Nancy talks incessantly about her fiance’s murder and knowing what we know, it makes you wonder if she is living in the same dimension as the rest of us. She also talks about her twins all the time and we know they exist because she waves their pictures on her show and they were on display during her stint on “Dancing with the Stars.”
With all this in mind, we had to find Six Degrees to Nancy.”
Here is what I came up with and it was way too easy:
I follow Mark Geragos on twitter and he recently wrote a book in which he calls her one of the “blond angry women” he has had to deal with. And it’s not a compliment. So I went on my account and wrote to Geragos that after reading his book, I thought it was true that angry blondes had more fun. He replied gregariously that it was very true. As he had been on her show many times, I had my connection. So it was a win!
There was only one degree between us.
But that was too easy because on Twitter, you can be connected to anyone. I then decided to try through my people channel.
It turned out to be more difficult.
I did not know anyone in Georgia or on CNN and I could not channel her dead fiance and the twins are off limits.
But I thought of my ex who was a lawyer and had gone to the Playboy Mansion.
Nancy would never have been invited to the Mansion or God help us to pose in the Magazine but she was a guest of Larry King who had Hugh Hefner on his show several times. Bingo! It was only 3 degrees of separation.
I was actually amazed at how easy it was. And it makes you go through your whole Rolodex of names and acquaintances.
But my friend had to find her Six Degrees to Nancy Grace and not through my connections.
She had a cousin who was a cop and he went on a trip to Florida while Cayle Anthony was missing. He met and talked to a volunteer who knew another volunteer who knew Tim Miller from EquuSearch who happened to be on the Nancy Grace show.
She was 4 people away from Nancy.
So believe it or not, we all have Six Degrees of Separation to Nancy!
End of the game or was it? As amusing as it was, I found it too simple for my taste until I realized that there were other degrees of separation that connected Nancy Grace to a truly critical part of the legal process: jury selection.
It so happens that during voir dire for Casey Anthony’s jury selection, the lawyers decided to ask the potential jurors if they watched the Nancy Grace show. They were quizzed about it. Did they watch it? How often? What did they think about the show? So if a juror was a regular viewer of her show and lapped it up, you could pretty well determine that they were pro-prosecution and out the door they went.
The defense had consulted famous jury consultant Richard Gabriel for this case and to organize a mock trial. Their subsequent choice of jurors turned out to be a total success because they won an acquittal. Gabriel wanted ‘’jurors who were strong enough to ask the hard questions and resist the public’s demand for a conviction unless they felt the prosecution had proved their case.’’ The win was not because of Jose Baez who frankly, was lacking in experience, but because of the carefully picked citizens that were sitting in the jury box. In fact, the only juror that faced the cameras to give an interview after the verdict, declared that there was no place on the air for shows like Nancy Grace. Proof is in the verdict! The 6 degrees of Separation of NG became a tool to weed out the jurors leaning towards conviction.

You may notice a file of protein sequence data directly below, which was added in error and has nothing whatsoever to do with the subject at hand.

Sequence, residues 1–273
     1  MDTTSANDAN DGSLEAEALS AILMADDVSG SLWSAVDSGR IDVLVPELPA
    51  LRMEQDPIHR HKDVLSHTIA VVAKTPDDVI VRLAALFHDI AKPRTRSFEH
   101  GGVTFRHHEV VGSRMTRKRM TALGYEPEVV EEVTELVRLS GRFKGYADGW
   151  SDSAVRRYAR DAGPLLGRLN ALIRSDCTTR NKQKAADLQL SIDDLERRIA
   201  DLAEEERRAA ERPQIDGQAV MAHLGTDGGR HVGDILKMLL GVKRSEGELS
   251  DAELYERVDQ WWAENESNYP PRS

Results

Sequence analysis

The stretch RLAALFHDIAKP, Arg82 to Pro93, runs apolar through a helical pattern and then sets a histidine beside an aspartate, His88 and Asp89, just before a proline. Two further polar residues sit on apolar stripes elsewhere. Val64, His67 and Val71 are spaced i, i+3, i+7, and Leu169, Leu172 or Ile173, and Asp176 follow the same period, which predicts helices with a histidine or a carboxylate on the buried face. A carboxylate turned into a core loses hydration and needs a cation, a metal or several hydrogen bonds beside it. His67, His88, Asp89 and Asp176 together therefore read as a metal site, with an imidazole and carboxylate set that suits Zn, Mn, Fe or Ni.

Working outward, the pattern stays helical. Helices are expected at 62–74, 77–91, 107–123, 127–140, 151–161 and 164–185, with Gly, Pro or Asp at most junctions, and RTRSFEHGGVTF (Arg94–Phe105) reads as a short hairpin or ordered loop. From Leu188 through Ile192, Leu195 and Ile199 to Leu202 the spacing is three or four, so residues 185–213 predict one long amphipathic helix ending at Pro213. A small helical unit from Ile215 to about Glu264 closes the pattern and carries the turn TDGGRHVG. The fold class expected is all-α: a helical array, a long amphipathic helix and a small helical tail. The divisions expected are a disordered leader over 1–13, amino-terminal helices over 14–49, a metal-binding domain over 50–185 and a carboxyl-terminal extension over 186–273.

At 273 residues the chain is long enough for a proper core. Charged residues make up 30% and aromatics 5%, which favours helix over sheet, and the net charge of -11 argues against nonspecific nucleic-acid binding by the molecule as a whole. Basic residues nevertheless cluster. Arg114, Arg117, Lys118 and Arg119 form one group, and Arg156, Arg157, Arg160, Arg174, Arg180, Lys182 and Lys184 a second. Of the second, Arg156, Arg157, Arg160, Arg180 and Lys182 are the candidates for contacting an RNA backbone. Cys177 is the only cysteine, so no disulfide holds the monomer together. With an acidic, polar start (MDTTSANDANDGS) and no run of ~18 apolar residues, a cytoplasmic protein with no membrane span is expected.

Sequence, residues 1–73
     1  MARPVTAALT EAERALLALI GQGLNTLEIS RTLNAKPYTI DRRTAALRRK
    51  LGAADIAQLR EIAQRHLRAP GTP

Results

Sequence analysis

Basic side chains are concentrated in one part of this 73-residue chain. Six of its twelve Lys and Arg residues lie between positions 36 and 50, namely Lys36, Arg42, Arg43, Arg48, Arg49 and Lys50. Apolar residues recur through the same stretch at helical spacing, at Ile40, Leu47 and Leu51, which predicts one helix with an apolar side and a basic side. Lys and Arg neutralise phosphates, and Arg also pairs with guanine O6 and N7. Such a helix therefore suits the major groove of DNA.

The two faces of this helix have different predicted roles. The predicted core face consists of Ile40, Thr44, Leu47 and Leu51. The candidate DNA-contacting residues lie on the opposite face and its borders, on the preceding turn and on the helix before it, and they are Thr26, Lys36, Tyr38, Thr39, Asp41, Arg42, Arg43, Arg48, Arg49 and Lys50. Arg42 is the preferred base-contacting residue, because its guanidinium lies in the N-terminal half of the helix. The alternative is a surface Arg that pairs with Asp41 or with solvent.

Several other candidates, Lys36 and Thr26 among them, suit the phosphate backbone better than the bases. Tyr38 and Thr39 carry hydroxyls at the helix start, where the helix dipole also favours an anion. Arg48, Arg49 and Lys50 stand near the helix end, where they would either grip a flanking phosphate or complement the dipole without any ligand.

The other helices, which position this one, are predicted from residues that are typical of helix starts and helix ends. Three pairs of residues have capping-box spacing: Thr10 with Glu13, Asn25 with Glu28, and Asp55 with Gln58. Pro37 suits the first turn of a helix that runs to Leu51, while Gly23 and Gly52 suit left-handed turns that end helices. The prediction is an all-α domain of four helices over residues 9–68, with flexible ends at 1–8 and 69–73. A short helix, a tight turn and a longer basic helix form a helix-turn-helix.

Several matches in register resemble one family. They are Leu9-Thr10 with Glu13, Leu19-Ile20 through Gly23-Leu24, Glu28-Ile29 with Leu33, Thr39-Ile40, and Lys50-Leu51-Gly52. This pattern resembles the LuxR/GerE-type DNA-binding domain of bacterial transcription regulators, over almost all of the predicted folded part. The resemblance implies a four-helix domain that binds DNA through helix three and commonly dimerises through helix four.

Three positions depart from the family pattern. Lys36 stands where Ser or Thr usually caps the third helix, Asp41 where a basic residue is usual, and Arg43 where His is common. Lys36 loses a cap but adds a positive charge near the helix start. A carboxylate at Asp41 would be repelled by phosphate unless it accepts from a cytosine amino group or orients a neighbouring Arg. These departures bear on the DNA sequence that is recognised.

The legal game of degrees of separation of Nancy has picked up more steam. During the George Zimmerman voir dire, defense attorney Mark O’Mara asked the jurors if they watched the Nancy Grace show which led to another win for the defense!
During the trial of Dr. Martin MacNeill, the game was not played during voir dire, but the degrees of separation came in handy during the cross examination of prosecution witness, forensic pathologist Dr. Joshua Perper. This sober medical examiner was called to debunk the defense theory that the victim died of heart problems. Perper’s theory was that the victim had drowned after ingesting too many drugs and implied that it was with the ‘help’ of her husband who was on trial for her murder. But the defense decided to play six degrees with the doctor. ‘’Weren’t you on the Nancy Grace show to discuss the case?’’
He actually had been on the show and his testimony on the stand contradicted what he had said when questioned by Nancy. He also admitted that the cause of death was undetermined so it did not bring a victory to the defense but it definitely rattled the prosecution to once again have used Nancy as a potential defense ‘tool’. This time, the jury was already picked so the game was less successful. So it seems to work its magic best during voir dire but who knows? The sky is the limit with such a valuable tool to measure people’s gullibility vis-a-vis HLN.
So any degree of separation with Miss Disgrace could mean you have a chance to win your case. Who knew that this fake justice seeker would one day be used to really fight crime? Every time someone is associated with her, no matter to what degree, they are immediately identified as trouble and the case has a better chance to be solved and be less biased. Maybe it is poetic justice after all.
If you are not sure about any legal question, find the six degrees of separation of Nancy Grace. This game is a winner and I am thinking of asking Google to incorporate it in its search engine.
UPDATE: Ding Dong the witch is gone! Nancy Grace is finally off the air. It seems that Grace’s slot will be filled by Ashleigh Banfield. Let’s hope that this new legal news format will have more decorum.